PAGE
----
What if there was a public elementary school that took a different approach to teaching and learning? And this school became so popular modular buildings had to be installed and students had to be turned away. It would continue to expand to accommodate the increased demand, right?
Not in Kansas. In Kansas the school could face closing, because this isn’t a “what if” story. It’s reality. The school in question is Walton Rural Life Center (WRLC), a K-4 elementary in the small, central Kansas town of Walton, part of the Newton (USD 373) school district.
WRLC is technically a public charter school. “Technically” because it isn’t really a charter school – it’s one in name only. What makes WRLC different is that it has an agricultural-based curriculum, but don’t let the name fool you. According to a former principal, the school isn’t there to teach kids to be farmers. The school uses a hands-on teaching and learning approach that incorporates different aspects of agriculture in the curriculum. And it is very popular. The school has a “build it and they will come” attractiveness. According to this article in the High Plains Journal (Dodge City), 117 of the 153 students are bused from outside Walton. (And to think Education Commissioner Randy Watson has publicly proclaimed that school choice wouldn’t work in Kansas because the state is “too rural.” Hmmm….)
Actually, it’s more of a “pull-out” school inside a traditional school district. WRLC is run by the district, funded by the district, the teachers are district employees, they operate in a district building, et cetera, et cetera. That means the school doesn’t control its future, it operates at the whim of the Newton School District. Which brings us to the problem at hand. Newton is considering a bond election that could include closing the current WRLC location and moving it into the city of Newton. But being a charter school, WRLC must have the ability to control their future, don’t they? Not in Kansas.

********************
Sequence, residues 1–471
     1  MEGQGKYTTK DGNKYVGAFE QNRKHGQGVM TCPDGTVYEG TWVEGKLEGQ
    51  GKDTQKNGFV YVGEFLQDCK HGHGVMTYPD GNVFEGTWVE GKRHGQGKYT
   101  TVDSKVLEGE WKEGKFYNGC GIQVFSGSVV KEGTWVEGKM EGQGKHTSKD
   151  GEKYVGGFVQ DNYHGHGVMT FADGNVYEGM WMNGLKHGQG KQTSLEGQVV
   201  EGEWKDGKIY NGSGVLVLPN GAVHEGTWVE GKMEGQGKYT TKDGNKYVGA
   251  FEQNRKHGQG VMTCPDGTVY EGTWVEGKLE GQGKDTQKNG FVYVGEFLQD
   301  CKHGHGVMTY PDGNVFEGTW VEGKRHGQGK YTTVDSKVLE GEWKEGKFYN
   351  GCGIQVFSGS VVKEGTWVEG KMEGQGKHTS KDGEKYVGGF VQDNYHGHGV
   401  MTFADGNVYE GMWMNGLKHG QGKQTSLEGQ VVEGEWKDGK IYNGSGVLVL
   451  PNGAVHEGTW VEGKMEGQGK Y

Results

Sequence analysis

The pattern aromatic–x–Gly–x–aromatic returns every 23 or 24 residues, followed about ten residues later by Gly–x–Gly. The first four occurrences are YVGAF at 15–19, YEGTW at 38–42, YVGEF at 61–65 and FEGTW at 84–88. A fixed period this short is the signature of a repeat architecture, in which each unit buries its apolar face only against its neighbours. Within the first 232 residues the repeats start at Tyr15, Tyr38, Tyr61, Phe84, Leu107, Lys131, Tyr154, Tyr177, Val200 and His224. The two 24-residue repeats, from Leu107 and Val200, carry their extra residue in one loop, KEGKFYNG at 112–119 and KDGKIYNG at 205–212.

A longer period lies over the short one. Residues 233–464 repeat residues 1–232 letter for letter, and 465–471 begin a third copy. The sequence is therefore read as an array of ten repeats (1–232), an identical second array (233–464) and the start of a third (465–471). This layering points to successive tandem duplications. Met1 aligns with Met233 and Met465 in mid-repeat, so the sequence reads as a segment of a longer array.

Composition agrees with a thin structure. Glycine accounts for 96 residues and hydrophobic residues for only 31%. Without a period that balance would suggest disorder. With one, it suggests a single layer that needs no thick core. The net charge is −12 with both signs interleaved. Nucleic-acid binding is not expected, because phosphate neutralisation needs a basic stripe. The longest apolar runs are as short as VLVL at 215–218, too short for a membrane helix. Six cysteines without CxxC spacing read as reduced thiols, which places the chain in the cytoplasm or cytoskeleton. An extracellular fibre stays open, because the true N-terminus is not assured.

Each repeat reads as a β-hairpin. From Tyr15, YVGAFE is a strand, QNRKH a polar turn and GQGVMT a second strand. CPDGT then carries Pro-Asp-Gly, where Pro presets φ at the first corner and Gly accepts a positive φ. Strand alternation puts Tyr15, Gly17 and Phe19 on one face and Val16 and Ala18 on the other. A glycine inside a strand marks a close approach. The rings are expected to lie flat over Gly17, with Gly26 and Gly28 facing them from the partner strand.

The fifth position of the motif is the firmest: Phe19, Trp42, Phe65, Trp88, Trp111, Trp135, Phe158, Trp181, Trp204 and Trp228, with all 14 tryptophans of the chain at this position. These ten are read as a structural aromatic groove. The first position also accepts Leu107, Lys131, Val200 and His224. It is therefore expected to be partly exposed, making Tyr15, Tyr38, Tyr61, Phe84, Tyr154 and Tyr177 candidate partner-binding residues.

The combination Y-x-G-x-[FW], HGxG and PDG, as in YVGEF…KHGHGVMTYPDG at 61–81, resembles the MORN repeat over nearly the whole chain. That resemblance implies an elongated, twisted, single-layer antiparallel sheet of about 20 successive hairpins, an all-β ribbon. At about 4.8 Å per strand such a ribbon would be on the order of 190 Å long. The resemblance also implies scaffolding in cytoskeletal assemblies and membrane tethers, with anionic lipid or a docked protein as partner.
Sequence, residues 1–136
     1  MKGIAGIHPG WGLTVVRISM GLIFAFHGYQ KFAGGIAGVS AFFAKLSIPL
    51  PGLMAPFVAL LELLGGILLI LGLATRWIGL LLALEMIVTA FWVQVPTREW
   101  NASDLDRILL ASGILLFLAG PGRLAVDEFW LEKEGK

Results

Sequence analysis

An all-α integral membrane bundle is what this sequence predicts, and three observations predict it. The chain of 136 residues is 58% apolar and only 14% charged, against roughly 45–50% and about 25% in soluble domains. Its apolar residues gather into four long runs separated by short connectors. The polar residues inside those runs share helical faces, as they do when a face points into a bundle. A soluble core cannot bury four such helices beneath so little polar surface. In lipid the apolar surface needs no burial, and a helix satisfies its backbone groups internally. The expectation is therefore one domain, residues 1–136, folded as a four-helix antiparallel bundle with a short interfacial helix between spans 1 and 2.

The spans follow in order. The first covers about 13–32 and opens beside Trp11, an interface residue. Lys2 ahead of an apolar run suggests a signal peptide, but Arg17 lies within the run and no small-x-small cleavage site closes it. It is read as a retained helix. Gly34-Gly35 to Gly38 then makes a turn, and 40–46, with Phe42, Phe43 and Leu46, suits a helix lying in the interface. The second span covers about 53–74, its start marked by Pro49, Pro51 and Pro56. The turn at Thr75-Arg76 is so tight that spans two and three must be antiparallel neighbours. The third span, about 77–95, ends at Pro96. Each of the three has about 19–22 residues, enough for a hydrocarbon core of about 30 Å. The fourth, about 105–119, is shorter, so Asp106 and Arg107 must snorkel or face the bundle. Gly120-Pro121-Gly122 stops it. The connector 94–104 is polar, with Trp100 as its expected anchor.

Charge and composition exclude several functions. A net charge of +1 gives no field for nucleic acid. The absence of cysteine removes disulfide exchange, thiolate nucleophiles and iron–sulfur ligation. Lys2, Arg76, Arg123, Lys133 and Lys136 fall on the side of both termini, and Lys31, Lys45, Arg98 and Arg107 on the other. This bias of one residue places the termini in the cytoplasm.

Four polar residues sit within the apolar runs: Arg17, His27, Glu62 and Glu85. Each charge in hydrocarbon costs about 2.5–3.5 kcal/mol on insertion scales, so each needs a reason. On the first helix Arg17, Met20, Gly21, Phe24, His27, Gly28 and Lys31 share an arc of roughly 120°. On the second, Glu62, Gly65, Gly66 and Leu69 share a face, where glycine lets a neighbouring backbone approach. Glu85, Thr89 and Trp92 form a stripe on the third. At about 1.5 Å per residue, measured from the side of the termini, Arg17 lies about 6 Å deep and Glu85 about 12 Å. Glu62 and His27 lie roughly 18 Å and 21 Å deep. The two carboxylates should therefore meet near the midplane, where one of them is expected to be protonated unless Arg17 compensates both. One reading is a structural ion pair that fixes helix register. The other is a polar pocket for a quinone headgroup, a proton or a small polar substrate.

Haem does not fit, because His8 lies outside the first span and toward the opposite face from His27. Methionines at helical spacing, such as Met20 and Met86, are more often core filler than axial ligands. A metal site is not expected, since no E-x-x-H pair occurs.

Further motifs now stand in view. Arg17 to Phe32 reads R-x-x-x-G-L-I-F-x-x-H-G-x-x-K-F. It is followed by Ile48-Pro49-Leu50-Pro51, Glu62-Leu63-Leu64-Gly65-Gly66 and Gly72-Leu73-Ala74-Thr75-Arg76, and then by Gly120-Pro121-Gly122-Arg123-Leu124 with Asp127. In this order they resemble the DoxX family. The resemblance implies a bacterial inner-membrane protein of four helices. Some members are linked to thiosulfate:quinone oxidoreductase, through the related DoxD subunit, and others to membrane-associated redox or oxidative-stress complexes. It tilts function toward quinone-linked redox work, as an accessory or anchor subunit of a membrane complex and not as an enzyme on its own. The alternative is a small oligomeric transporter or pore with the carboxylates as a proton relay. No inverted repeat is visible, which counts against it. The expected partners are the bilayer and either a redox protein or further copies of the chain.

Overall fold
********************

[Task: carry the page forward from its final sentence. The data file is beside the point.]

You see, Kansas law allows only school districts to authorize charter schools. Is it any wonder there are only 10 charter schools in the state – all of them arms of their sponsoring districts? Giving school districts that kind of exclusivity is akin to granting the local chamber of commerce the authority to decide what businesses can set up shop in town. The Kansas charter school law is so bad, it is considered the worst in the country, according to the National Association of Charter School Authorizers (NACSA). So much for being a true charter school.
It is worth watching to see what the USD 373 board does and how it ultimately impacts this school. If WRLC were a real charter school, it wouldn’t be subject to such forces. It would continue to thrive because a successful public charter school would welcome the challenge of higher demand, not be a problem pursuant to a strategic plan, as WRLC finds itself. Serving students is exactly what public charter schools are intended to do, not be a cog in the wheel of a traditional public school district.